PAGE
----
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Dual catenin loss in murine liver causes tight junctional deregulation and progressive intrahepatic cholestasis.

Abstract
β-Catenin, the downstream effector of the Wnt signaling, plays important roles in hepatic development, regeneration and tumorigenesis. However, its role at hepatocyte adherens junctions (AJ) is relatively poorly understood, chiefly due to spontaneous compensation by γ-catenin. Here, we simultaneously ablate β- and γ-catenin expression in mouse liver by interbreeding β-catenin-γ-catenin double-floxed mice and albumin-cre transgenic mice. Double knockout mice (DKO) show failure to thrive, impaired hepatocyte differentiation, cholemia, ductular reaction, progressive cholestasis, inflammation, fibrosis and tumorigenesis, which was associated with deregulation of tight junctions (TJ) and bile acid transporters, leading to early morbidity and mortality, a phenotype reminiscent of Progressive Familial Intrahepatic Cholestasis (PFIC). To address the mechanism, we specifically and temporally eliminated both catenins from hepatocytes using adeno-associated virus-8 carrying cre-recombinase under the thyroid-binding globulin promoter (AAV8-TBG-Cre). This led to a time-dependent breach of blood bile barrier associated with sequential disruption of AJ and TJ verified by ultrastructural imaging and intravital microscopy, which revealed unique para-cellular leaks around individual hepatocytes allowing mixing of blood and bile, and leakage of blood from one sinusoid to another. Molecular analysis identified sequential losses of E-cadherin, occludin, claudin-3 and claudin-5 due to enhanced proteasomal degradation, and of claudin-2, a β-catenin transcriptional target, which was also validated in vitro. In conclusion, we report partially redundant function of catenins at AJ in regulating TJ and contributing to blood bile barrier. Furthermore, concomitant hepatic loss of β- and γ-catenin disrupts structural and functional integrity of AJ and TJ via transcriptional and posttranslational mechanisms. Mice with dual catenin loss develop progressive intrahepatic cholestasis, and hence provides a unique model to study diseases like PFIC. This article is protected by copyright. All rights reserved.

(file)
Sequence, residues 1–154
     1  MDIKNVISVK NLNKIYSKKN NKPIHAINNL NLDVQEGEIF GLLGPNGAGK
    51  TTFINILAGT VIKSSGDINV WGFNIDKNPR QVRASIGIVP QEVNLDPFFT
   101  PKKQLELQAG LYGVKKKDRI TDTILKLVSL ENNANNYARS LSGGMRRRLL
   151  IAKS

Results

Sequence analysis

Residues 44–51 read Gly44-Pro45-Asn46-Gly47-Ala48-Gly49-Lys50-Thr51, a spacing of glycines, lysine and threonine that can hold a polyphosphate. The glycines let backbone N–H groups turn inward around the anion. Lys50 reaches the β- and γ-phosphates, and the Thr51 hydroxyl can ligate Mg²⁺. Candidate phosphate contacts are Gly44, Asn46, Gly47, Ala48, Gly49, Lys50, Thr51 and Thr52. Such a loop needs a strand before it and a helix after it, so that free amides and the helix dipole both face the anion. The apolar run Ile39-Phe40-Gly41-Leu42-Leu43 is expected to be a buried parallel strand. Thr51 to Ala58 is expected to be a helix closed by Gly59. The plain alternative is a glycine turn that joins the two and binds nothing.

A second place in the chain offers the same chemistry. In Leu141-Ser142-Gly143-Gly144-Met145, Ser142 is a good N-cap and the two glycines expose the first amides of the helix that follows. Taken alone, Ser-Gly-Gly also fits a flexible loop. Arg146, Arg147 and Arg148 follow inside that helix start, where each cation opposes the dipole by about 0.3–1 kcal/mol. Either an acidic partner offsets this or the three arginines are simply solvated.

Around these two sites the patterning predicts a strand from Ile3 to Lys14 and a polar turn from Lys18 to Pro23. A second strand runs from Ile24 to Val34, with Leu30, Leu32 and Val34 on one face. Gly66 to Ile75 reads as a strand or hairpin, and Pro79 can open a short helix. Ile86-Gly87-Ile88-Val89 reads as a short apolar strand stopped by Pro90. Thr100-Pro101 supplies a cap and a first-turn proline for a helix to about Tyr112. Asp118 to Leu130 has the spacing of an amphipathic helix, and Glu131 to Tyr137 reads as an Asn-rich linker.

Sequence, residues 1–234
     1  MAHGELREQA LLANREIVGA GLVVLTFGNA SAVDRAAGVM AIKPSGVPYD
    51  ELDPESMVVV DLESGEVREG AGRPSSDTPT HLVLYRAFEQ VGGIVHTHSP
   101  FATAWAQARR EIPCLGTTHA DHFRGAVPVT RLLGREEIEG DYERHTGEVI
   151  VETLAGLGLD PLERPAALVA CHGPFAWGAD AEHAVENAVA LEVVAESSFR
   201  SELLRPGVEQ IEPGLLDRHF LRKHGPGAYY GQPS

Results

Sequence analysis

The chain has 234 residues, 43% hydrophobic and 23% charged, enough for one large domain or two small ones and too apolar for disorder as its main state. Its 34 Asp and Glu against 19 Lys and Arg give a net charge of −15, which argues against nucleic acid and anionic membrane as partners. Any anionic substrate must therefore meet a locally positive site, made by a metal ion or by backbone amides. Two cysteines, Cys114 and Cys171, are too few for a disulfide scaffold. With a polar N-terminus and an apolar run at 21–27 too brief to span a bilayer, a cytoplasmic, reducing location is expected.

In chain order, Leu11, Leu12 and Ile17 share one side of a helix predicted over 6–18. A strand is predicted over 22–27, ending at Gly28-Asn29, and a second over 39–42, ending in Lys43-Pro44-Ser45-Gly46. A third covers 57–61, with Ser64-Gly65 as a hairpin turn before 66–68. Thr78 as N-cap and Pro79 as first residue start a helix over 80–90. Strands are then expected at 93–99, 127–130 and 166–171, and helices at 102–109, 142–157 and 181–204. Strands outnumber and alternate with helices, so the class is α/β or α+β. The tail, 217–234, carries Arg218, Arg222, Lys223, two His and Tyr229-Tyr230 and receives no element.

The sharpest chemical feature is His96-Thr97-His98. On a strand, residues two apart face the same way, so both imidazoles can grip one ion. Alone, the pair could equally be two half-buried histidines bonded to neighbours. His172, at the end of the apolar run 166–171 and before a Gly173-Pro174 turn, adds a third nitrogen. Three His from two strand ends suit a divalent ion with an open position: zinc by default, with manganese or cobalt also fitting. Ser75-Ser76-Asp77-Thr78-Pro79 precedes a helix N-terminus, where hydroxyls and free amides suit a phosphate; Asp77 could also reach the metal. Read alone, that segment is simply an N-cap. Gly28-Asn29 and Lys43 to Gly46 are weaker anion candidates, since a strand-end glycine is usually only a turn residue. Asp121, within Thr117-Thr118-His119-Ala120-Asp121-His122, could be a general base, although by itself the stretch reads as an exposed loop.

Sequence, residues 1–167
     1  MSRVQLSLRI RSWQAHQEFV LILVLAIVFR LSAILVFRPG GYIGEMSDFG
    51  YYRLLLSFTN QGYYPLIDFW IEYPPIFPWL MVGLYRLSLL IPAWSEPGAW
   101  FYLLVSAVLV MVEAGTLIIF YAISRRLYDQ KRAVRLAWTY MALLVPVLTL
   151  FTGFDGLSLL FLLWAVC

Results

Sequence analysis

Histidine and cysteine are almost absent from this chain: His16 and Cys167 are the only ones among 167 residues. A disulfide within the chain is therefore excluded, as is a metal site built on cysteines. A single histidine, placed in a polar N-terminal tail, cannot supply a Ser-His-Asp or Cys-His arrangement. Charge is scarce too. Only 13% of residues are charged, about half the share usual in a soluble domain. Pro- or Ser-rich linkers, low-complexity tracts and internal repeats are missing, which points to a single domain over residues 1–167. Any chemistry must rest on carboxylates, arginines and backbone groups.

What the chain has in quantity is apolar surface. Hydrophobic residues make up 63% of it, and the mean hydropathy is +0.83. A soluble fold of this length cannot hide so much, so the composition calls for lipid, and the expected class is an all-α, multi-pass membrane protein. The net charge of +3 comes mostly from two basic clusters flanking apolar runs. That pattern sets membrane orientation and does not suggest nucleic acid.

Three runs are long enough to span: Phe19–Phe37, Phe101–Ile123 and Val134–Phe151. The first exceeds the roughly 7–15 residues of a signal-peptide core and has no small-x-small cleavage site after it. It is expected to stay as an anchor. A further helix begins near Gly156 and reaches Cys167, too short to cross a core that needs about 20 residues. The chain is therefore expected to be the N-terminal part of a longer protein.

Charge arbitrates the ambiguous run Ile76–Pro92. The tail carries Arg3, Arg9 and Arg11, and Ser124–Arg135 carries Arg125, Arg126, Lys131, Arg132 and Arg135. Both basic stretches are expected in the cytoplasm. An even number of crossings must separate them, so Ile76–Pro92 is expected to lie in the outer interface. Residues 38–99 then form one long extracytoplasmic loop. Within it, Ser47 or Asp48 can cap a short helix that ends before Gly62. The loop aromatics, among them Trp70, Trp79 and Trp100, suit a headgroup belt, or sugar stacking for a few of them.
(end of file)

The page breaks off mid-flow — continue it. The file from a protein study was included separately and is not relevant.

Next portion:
PMID: 29023813 [Pubmed - Publisher]

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